Sampson: The intent of ChopChop Maryland is to get families cooking. While we want them to cook all parts of a meal -- soups, stews, entrees, side dishes, and salads -- it's most easy to initially draw kids in with dessert. If I could only eat one dessert for the rest of my life, it would definitely be a crisp: It's adaptable to every season (you can substitute almost any fruit for the apples), easy, inexpensive, uses readily available ingredients, fast, and, most important, delicious. People forget that you can make wonderful desserts that are not laden with sugar and fat. In fact, this one is so healthy, I've been known to eat it for breakfast.
Sharfstein: I won't tell anyone. In public health, we often focus on the content of the food going into someone's mouth -- not on the act of cooking. Working on this project with you has helped me to realize that we can promote healthy eating by encouraging parents to cook with their kids (or is it the other way around?). From your vantage point as a cookbook author, what makes this work?
Sampson: The very process of cooking creates ownership of the meal. So basically if you hand a kid (or an adult, for that matter) a food they aren't so sure of, they'll be more hesitant to try it than if they make it themselves. I believe your very own son hated peaches until he made our Peach Crisp, right? The most effective approach is to try small changes at a time.
Sharfstein: At first, he said he would make the recipe with me, but would not eat it. After he tried it, he kept going back for more. Then he denied he ever said anything negative about peaches. One of the biggest challenges for us is to promote this type of activity beyond the families that may already be doing it -- into a broad range of neighborhoods and communities. We really appreciate ChopChop Maryland being available in Spanish -- that's a start. We also have made recipes available through text message -- people can text CHOPMD to 43186 to sign up (text CHOPES to 43186 for Spanish). And we are partnering with a wide range of community organizations and advocates. But what success have you had in crossing ethnic and income lines with a message of healthy eating? What works and what doesn't?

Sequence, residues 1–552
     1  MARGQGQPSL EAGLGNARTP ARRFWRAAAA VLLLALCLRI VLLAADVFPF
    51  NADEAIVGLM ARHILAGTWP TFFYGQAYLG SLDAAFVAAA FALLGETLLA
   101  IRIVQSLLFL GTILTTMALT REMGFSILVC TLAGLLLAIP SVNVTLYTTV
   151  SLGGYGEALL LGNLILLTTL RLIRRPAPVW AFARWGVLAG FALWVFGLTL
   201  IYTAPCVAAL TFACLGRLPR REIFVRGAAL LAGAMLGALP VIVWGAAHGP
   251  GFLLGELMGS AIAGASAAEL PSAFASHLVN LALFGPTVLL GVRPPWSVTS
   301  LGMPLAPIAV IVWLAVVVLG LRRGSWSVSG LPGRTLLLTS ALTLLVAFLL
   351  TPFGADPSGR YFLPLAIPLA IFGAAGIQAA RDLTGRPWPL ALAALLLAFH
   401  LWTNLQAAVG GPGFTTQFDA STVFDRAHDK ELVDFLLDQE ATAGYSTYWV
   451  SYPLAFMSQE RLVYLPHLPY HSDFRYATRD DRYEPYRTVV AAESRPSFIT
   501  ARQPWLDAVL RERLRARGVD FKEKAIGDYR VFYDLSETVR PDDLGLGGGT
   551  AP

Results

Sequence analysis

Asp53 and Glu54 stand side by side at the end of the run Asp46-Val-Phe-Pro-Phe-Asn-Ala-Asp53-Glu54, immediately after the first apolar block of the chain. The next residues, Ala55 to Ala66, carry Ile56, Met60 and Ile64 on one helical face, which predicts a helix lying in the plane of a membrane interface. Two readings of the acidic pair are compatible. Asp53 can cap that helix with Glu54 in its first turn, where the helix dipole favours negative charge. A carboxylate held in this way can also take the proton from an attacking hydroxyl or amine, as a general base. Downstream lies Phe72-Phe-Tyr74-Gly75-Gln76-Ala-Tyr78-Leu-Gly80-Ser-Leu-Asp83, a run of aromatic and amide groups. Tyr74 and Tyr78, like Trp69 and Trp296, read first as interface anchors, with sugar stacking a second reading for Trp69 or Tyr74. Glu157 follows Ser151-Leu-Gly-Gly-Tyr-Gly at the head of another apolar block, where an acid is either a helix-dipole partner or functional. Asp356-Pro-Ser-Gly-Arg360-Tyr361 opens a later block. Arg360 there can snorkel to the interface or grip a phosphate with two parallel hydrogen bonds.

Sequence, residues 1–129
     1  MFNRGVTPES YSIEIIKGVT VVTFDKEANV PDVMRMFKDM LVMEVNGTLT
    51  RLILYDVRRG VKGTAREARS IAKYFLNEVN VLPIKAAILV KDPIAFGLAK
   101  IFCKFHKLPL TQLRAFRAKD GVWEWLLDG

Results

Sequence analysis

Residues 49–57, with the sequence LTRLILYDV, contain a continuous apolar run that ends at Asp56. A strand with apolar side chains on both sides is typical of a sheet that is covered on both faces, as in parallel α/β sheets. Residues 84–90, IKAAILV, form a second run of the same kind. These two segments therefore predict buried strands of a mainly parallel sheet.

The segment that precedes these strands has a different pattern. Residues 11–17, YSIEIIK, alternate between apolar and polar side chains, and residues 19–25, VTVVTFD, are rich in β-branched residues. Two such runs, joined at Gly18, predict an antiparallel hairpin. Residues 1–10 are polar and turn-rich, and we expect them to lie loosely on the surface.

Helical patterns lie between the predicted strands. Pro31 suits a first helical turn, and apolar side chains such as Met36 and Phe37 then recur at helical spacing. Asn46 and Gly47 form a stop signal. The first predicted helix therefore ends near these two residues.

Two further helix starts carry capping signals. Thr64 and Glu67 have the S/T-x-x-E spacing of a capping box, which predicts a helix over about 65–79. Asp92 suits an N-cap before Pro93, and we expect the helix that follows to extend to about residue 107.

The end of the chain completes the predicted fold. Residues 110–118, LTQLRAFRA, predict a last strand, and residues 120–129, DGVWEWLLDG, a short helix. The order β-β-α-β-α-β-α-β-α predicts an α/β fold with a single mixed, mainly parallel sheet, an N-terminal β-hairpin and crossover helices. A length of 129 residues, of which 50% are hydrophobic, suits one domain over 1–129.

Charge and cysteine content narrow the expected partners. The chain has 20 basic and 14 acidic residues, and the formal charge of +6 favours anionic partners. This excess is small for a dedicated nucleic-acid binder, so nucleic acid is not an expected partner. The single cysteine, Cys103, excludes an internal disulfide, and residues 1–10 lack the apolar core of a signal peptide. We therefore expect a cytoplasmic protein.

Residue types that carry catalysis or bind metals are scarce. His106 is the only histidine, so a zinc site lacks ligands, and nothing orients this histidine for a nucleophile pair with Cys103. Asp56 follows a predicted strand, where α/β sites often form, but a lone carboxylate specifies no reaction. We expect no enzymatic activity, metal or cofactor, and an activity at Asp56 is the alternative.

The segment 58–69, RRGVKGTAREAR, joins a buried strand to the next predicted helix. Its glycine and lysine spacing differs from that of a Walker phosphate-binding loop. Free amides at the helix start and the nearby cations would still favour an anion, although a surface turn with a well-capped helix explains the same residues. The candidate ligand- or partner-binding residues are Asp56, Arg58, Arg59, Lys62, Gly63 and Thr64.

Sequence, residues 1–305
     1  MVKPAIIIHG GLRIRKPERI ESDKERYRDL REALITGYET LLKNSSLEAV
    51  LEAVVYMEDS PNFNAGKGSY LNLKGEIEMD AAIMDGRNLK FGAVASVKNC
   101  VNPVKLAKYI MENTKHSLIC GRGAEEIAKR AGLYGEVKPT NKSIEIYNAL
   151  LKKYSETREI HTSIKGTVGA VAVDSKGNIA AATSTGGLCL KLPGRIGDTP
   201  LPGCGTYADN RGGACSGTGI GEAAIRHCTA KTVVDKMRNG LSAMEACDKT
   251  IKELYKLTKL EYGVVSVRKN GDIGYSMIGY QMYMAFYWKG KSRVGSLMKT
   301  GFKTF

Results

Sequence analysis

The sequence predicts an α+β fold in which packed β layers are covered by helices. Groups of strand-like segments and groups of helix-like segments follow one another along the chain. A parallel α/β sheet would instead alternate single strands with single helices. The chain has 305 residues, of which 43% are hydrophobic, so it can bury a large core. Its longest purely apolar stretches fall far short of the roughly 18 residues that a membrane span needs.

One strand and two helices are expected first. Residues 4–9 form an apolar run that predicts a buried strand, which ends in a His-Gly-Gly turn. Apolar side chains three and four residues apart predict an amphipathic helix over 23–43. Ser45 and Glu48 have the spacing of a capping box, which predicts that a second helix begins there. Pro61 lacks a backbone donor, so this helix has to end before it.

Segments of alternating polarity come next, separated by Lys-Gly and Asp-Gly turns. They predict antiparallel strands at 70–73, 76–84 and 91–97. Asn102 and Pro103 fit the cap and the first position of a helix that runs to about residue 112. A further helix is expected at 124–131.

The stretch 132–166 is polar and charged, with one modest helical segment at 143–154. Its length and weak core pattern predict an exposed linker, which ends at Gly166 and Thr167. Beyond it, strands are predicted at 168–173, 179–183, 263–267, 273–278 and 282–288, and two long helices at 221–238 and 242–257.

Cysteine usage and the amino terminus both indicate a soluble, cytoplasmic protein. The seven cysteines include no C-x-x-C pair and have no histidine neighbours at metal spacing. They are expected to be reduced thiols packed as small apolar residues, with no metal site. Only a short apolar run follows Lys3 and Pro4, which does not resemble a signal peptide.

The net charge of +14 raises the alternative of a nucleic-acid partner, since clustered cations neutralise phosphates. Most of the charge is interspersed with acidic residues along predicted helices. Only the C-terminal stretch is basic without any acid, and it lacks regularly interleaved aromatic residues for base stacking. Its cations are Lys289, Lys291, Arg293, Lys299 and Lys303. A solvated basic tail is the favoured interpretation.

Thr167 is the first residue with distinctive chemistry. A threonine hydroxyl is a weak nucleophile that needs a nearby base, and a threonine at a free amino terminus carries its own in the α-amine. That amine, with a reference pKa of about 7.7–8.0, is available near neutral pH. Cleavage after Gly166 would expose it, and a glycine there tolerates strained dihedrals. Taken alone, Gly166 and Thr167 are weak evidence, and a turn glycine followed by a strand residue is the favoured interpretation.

Sampson: We've made it a priority to use foods that are accessible and affordable and recipes that are simple and kid friendly. We use recipes from all different cultures and we don't beat anyone up with our message of healthy eating: We strive to make it fun and hope that the rest follows from there. So my guess is that many people -- not just you -- can get their children to eat healthy foods by getting them involved in the process rather than lecturing to them about what they should and shouldn't be eating.
Sharfstein: Your second Maryland recipe was for Roasted Squash with honey. I have to admit, I never had tried squash prepared this way before. My kids had a good time scooping out the seeds. We all got our hands a little slimy. But the results were great again. Just a few ingredients, simple preparation, and I've been getting emails from people saying they served it during fancy dinners.